Sometimes you need a little extra help to find your dream home, says Graham Norwood
Are you just too busy to find that perfect penthouse? Do you keep getting gazumped by competing country house buyers? Or are you simply scared of buying a house without expert guidance? If so, you should recruit a buying agent.
These are the property experts who use their contacts in estate agencies to secure advance notice of homes going on sale. They know before ads are placed and websites are updated, giving their clients a head start on properties coming to the market.
Yet, despite providing a valuable service, buying agents remain relatively unknown – not just their identities but the extensive scope of their work, too.
To find one, a buyer can head to Google – key words are ‘buying agent’ or ‘relocation’ or ‘property finder’ – or scour magazines like this one or directly visit arp-relocation.com, which is the website of trade body The Association of Relocation Professionals.
Different buying agents operate across different price sectors of the market and in different parts of the country; whichever you choose, check that it is registered with The Property Ombudsman, which gives you rights of redress in the unlikely event of a problem.
So far, so easy. But then what happens when you commit to one and the process starts?
‘We kick off with a run through of available properties,’ explains Charlie Wells, managing director of Prime Purchase, the buying agency arm of Savills. This allows the buying agent to understand exactly what the client wants, where and at what price range.
‘I also look at the “home team” – the solicitor, accountant, even a landscape architect and a planning consultant if necessary. It’s all about getting the right people so that you fast track your client and put them in the strongest position possible,’ explains Wells.
Here one of the most valuable services of the buying agent becomes clear – he is there to give the client a competitive edge, which means not only finding the right home but making sure the purchase can go ahead as quickly and smoothly as possible.
The second stage, of course, is the shortlisting and viewing of properties. ‘The initial property tour involves showing homes in a number of areas. It will further cement in our minds what the client’s looking for. We’ll then go on subsequent tours with clients until the perfect property has been identified,’ says Jonathan Mount, a partner at The Buying Solution, the buying arm of Knight Frank.
If you believe that finding the right home means ‘job done’ then think again – the buying agent then undertakes the delicate stage of negotiating the price on your behalf.
‘Negotiating a price down from £27m to £15m is one of the best we’ve ever achieved for a client,’ says James Greenwood of Stacks Property Search, an independent buying agency.
Such a jaw-dropping reduction – or even cutting a few hundreds of thousands of pounds, as is more common on lower-priced deals – requires scrupulous research by the agent. They must know what drives a vendor to sell when the market is slowing.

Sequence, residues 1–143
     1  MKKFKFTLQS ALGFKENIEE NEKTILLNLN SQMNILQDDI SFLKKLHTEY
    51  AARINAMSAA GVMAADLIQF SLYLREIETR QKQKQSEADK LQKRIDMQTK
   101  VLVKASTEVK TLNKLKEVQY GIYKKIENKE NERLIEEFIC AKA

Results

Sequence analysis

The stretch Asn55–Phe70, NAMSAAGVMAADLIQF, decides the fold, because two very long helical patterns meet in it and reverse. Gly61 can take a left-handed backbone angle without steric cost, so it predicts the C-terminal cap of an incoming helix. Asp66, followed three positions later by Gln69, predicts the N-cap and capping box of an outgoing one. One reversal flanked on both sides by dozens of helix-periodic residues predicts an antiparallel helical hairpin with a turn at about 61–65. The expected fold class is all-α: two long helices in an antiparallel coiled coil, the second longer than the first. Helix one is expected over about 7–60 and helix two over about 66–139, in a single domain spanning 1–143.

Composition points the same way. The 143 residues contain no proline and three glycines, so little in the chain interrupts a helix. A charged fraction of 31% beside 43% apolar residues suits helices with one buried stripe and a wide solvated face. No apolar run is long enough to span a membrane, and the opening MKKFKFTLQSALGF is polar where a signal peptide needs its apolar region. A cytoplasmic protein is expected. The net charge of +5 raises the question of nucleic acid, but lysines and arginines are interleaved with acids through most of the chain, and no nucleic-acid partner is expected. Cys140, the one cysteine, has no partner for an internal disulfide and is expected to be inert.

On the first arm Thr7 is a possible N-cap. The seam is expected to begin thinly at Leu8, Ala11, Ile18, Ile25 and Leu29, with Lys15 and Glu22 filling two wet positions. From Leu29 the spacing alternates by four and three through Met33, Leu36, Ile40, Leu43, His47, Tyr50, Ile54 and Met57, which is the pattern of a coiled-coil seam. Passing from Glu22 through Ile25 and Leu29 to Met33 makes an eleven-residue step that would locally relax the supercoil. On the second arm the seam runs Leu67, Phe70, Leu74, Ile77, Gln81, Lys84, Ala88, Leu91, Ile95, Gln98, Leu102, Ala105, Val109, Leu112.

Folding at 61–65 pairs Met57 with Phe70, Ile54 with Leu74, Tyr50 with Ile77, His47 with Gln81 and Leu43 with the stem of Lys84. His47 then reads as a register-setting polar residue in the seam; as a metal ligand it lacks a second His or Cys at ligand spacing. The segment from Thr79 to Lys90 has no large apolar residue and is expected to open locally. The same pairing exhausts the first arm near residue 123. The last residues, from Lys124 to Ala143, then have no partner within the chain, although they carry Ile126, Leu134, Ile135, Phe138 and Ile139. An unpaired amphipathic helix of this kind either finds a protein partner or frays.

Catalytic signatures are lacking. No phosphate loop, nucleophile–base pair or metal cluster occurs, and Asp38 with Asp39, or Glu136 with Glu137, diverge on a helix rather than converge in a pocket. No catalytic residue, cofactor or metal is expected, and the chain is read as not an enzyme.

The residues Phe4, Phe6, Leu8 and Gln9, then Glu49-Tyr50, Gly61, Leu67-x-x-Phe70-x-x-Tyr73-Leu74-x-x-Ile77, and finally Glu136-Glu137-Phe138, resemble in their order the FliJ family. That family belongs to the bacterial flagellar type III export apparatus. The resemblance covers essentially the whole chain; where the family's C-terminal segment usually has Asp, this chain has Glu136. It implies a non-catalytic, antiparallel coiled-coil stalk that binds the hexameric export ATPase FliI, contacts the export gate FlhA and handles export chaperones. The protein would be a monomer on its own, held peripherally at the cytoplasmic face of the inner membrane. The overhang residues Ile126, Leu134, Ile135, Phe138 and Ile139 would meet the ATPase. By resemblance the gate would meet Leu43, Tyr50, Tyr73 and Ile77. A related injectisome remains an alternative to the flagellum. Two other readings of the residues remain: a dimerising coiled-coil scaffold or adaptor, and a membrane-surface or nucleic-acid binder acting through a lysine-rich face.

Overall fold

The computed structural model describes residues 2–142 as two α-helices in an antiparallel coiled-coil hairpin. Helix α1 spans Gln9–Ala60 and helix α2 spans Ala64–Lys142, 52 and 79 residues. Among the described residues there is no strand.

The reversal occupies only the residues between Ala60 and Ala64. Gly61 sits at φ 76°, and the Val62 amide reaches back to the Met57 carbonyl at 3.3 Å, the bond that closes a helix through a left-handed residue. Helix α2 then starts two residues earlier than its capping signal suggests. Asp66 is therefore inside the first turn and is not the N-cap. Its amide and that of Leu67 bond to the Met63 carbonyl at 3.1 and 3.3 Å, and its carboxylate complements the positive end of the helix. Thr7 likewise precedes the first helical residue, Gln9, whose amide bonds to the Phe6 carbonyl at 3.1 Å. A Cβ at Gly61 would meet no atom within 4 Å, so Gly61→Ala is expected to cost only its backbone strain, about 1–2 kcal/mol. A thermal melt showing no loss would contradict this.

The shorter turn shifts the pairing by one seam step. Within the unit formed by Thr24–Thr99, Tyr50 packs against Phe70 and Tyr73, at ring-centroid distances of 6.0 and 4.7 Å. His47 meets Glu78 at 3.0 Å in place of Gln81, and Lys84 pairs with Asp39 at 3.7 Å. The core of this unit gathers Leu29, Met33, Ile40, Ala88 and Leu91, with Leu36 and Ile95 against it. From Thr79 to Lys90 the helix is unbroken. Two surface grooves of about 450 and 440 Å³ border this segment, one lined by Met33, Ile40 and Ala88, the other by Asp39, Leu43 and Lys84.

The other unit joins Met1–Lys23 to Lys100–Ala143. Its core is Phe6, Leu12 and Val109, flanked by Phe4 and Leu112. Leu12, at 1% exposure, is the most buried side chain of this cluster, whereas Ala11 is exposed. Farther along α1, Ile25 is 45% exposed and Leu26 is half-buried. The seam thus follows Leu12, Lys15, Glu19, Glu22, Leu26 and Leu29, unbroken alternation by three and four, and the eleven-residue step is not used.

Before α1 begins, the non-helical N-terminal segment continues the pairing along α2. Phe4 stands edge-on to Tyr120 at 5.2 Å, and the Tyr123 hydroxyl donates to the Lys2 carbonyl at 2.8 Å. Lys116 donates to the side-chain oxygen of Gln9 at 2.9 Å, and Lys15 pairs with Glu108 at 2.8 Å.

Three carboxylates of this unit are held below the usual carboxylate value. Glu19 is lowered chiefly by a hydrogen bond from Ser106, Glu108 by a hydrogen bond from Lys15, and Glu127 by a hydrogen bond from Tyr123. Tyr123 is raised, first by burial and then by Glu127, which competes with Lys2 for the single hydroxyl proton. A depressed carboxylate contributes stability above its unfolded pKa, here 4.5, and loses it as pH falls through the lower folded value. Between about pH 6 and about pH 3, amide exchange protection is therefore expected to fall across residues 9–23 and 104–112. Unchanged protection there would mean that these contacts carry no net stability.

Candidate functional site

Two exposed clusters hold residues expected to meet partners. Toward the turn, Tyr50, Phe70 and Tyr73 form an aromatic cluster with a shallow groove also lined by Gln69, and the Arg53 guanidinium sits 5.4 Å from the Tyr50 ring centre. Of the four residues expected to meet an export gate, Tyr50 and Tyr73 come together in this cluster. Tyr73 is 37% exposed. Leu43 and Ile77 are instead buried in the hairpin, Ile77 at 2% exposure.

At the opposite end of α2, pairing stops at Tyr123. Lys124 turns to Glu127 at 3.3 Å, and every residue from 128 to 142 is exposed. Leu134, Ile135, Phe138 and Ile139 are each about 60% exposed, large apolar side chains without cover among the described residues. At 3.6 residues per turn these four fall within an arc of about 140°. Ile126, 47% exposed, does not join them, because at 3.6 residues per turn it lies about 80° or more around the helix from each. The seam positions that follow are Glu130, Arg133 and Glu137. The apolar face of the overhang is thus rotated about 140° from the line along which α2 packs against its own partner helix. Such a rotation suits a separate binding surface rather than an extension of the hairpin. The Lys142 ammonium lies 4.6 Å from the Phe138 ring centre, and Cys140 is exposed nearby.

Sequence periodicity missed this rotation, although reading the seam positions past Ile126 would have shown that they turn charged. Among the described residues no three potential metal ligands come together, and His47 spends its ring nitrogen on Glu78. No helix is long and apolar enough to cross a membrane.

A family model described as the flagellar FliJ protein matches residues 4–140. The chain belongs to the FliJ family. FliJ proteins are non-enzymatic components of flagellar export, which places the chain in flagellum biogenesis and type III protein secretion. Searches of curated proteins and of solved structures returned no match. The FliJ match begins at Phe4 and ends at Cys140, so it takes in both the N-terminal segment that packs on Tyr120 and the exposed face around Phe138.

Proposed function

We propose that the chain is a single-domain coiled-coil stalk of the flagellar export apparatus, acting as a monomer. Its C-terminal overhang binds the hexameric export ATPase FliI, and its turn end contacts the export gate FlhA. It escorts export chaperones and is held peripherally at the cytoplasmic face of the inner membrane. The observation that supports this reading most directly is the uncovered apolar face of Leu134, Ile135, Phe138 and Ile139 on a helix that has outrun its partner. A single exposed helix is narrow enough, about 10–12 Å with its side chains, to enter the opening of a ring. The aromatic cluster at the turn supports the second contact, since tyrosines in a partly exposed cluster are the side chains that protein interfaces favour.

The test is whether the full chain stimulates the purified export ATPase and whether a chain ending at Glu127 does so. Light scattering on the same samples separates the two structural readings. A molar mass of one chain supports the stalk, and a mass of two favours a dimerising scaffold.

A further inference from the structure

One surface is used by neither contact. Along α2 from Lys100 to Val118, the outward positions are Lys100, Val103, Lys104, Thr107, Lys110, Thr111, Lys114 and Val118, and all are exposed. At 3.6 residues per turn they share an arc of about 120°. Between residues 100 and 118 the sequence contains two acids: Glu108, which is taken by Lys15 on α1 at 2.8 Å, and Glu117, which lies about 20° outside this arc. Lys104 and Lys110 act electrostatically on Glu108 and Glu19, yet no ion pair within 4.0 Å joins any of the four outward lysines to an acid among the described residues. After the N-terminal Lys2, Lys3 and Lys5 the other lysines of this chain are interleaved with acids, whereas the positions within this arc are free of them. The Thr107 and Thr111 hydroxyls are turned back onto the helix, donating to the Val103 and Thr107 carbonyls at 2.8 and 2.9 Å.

‘Information is king and when you know how urgently a vendor needs to sell you negotiate accordingly. Is it a death in the family, debt, or some other issue that means they must move fast, come what may?’ asks Tracy Kellett of BDI Homefinders, another independent.
Negotiating a good price is not only in the interests of the purchaser, of course, but it also justifies the buying agent’s fee in the first place.
Fee structures vary but most charge an up front retainer of around £1,500 plus VAT. When the perfect house is located and contracts exchanged, clients typically pay two per cent of the purchase price plus VAT. And many buying agents stipulate a minimum total spend – say, £10,000 – assuming the right property is purchased and a reduced price negotiated.
If that sounds a lot, especially added to the estate agent’s fee you will pay for the sale of your old house, then think carefully: any experienced buying agent will save you many times that sum through the hard-nosed haggling-down of the price of your
Even once the price is negotiated, however, the buying agent’s job is not complete. He then effectively project-manages the rest of the sale process ensuring there are no restrictive covenants, freehold or leasehold problems or boundary disputes for example.
‘We discuss all aspects of the property and ensure that issues such as fixtures and fittings, funding arrangements, survey arrangements and so on are dealt with,’ explains Jessica Simpson of PPS Private Property Search, the buying agency operated by Strutt & Parker.
Sometimes these final details are the most arduous for the buying agent, and would be bordering on the impossible for even an experienced purchaser operating on their own.
‘I’ve flown to Geneva to meet a client and their lawyer to go through a contract that needed to be exchanged within four days,’ recalls PPS’s Jessica Simpson.
Gideon Sumption of Stacks recalls the day he ‘found, bought for £500 and installed a one tonne stone trough to replace the
one that the vendors took – the removal of which threatened a £1.3m transaction.’
Meanwhile Katherine Watters of The Buying Solution’s Surrey office had a more illuminating task to prevent a sale falling through: ‘On completion day a vendor took all the light fittings with him. I had to go and replace all the light fittings myself.’
These are the hiccups that provoke wry smiles after the move but can threaten a successful purchase just as much as a mortgage problem or a buyer getting cold feet and breaking a complicated chain of purchases.
But for buying agents they are all in a day’s work – and prove why they are worth their fee.